Ryan Mundy Interview
By: Tony Conty
Tony Conty: What schools showed you interest when you were coming out of Woodland Hills High School?
Ryan Mundy: I had my pick of schools down the East Coast, like Virginia, N. C. State, and a lot of Big Ten schools. My mother wanted me to get out of Pittsburgh for a bit and see more of the world.
Tony Conty: You, like so many others, participated in the Big 33 game between Pennsylania and Ohio. What is it about Western PA that produces so many college players?
Ryan Mundy: We have a strong passion for football here, so it is a great area for football. You grow up watching a lot of football and the sport is all that you know.
Tony Conty: Describe how your serious nerve injury affected the way that you view the game.
Ryan Mundy: It not only changes that way that you view the game, but also the way that you view life. You have to remember that football is not promised to you. You need to give 100% and have a heightened sense of awareness on every play and on every down.
Tony Conty: Was your reason for transferring entirely academic? (Wanted to move to school that offered a graduate program in his major)
Ryan Mundy: Not necessarily. I needed a change of scenery. I left Michigan on good terms, but this was a change for the better.
Tony Conty: How do you think that the fairly new rule of allowing post-graduate transfers has affected the game?
Ryan Mundy: You know, I actually did a research project on that. There are not too many guys who took advantage of that rule, outside of Benjamin Mauk (Wake Forest), Ryan Smith (currently of the Tennessee Titans), and myself. Itís a positive thing. Circumstances arose and I had to take advantage and pursue my education.
Tony Conty: What must a player do to establish himself on a defense with so many returners?
Ryan Mundy: I didnít look at it like that. I just tried to compete and play. I wasnít the type of guy that was used to playing on the second team. From Day One, I knew that they were a great group of players. I just got acclimated to the system and looked forward to some hard work.
Tony Conty: What is your opinion on how the Big East turned out as a whole this season?
Ryan Mundy: The Big East was competitive. The teams on the lower tier were competing higher than expected. I got to go against some great players who were not highly publicized.
Tony Conty: You had 3 picks this season and the best tape I saw on you was against Rutgers. What game stands out in your mind as your strongest performance as a team?
Ryan Mundy: As a team, I have to say Rutgers, but, against Maryland, we were also impressive on defense and offense. But against Rutgers, we faced a guy in Ray Rice that I really respect and we were pleased with how it turned out.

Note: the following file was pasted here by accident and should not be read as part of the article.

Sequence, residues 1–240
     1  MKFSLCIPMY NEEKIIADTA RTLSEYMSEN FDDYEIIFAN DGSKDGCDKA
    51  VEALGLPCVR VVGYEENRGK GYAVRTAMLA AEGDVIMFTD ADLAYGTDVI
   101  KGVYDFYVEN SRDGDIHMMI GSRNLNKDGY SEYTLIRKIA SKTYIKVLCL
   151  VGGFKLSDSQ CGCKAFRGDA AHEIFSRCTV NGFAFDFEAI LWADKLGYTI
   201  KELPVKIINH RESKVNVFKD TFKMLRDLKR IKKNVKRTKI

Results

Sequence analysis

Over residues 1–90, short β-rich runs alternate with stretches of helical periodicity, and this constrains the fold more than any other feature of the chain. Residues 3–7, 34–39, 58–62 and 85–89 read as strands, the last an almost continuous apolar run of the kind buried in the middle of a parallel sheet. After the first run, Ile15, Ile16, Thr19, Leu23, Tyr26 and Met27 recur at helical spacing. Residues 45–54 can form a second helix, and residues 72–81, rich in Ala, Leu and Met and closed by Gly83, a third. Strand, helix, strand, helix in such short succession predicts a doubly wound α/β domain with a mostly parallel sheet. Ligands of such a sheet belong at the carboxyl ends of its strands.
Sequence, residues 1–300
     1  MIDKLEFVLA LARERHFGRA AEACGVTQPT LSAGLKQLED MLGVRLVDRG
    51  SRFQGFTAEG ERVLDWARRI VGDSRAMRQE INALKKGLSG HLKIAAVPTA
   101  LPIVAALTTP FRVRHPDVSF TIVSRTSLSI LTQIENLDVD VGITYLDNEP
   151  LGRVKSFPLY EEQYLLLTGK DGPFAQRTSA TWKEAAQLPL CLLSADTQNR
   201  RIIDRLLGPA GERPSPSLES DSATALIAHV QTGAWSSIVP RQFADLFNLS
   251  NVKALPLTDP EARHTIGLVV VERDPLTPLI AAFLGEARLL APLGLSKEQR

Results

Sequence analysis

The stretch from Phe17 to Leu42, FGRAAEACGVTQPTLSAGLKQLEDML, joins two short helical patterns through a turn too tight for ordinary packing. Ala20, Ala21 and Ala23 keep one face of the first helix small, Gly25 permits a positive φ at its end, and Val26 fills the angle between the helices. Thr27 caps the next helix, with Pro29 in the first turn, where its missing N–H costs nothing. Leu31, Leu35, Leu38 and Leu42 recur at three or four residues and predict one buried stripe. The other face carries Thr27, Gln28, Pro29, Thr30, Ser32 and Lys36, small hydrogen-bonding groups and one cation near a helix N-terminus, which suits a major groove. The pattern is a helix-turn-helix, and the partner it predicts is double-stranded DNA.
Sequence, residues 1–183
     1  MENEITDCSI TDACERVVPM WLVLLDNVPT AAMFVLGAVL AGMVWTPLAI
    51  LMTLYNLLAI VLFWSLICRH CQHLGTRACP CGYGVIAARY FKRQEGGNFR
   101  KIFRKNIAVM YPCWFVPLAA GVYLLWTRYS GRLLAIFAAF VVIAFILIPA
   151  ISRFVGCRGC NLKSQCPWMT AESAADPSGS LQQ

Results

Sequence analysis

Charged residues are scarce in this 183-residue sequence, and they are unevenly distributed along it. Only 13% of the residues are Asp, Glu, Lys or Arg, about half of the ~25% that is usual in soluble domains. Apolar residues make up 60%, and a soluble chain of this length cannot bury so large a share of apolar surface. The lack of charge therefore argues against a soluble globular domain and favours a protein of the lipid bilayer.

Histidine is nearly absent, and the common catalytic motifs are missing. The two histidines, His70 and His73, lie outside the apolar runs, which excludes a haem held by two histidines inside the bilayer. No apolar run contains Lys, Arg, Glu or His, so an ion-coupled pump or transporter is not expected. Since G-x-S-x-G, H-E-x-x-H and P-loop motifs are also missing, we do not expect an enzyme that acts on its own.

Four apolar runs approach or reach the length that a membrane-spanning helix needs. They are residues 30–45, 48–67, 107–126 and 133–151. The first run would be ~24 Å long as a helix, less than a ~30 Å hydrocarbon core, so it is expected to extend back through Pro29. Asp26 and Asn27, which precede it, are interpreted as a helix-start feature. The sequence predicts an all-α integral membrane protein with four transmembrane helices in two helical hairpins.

Tony Conty: What do you plan to work on in order to improve your marketability as an NFL player?
Ryan Mundy: I would say running. At the Combine, I need to get out there, run a good 40 and do well in the agility drills. I think that Iíll do well in the Defensive Back drills, but I need to stay sharp and keep running.
Tony Conty: You were given credit in many articles for being the key to the turnaround for WVUís defense. Who else can you single out for having stepped up?
Ryan Mundy: Oh, the ten other guys. They faced a lot of scrutiny and negative criticism. They were hungry to prove themselves and get some notoriety. They had a chip on their shoulders, collectively.
Tony Conty: Letís talk about the Backyard Brawl. Is there anything in hindsight that you feel that the team could have done to avoid the upset?
Ryan Mundy: In hindsight, there are always things that you can do. I feel that we were extremely prepared. It was just a matter of executing, things like knocking the runner back. I havenít really looked at any offensive tape, so I canít comment on that.
Tony Conty: Describe the differences between playing in the Big East and playing in the Big Ten.
Ryan Mundy: There is not too much, to be truthfully honest. The Big Ten is known for power football, but now you have Purdue running a spread offense and Michigan State doing that, too. Ohio State is running the spread sometimes, too. There are a lot of similar schemes and the level of competition is about the same. Several teams in the Big East were ranked for at least part of the year. We always focused on our conference record.
Tony Conty: Who were the toughest receivers that you faced in your college career?
Ryan Mundy: At Michigan, I had to go against the likes of Braylon Edwards, Steve Breaston, Adrian Arrington, and Mario Manningham in practice. We always said that if we went hard in practice, Game Day would be easy.
Tony Conty: What is your opinion on how Roger Goodell is taking a stand on off-the-field issues in the NFL?
Ryan Mundy: Itís good for the league. You are teaching guys about standing up and being accountable. You need to be careful, because the commissioner will be concerned about what people picture when they see an NFL game. He wants to protect the brand name that is the NFL.
Tony Conty: OK, now, a serious question: which Western PA cuisine is your favorite: Primantiís sandwiches, Quaker Steak wings, perogies, or kielbasa?
Ryan Mundy: Primantiís. I went to the Steeler game on Sunday and that was the first thing that I thought of when I got on the highway.
Tony Conty: Self-promote. Why should teams consider you in the early rounds of the draft?
Ryan Mundy: Iím a good player who is smart and athletic. Iím good in pass coverage and against the run. I am a balanced player. You have no worries about character with me. I am respectful and my parents taught me well.